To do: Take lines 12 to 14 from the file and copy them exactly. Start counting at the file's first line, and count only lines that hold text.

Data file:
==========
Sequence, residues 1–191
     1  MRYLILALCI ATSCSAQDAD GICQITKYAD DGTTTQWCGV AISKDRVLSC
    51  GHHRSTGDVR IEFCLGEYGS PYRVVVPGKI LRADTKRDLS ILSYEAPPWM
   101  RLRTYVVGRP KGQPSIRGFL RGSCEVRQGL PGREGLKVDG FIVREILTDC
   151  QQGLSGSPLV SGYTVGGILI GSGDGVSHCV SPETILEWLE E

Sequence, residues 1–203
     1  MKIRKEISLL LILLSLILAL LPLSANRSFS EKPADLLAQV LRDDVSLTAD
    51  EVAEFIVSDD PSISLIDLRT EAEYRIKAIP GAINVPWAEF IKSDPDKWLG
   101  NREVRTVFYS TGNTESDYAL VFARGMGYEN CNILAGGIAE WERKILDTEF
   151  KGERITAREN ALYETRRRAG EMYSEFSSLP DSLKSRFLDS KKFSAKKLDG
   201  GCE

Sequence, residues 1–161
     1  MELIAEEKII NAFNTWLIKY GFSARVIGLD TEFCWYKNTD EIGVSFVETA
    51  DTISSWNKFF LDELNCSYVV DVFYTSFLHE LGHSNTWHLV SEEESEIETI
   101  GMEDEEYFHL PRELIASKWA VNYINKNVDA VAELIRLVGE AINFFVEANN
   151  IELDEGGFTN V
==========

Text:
Sequence, residues 1–161
     1  MELIAEEKII NAFNTWLIKY GFSARVIGLD TEFCWYKNTD EIGVSFVETA
    51  DTISSWNKFF LDELNCSYVV DVFYTSFLHE LGHSNTWHLV SEEESEIETI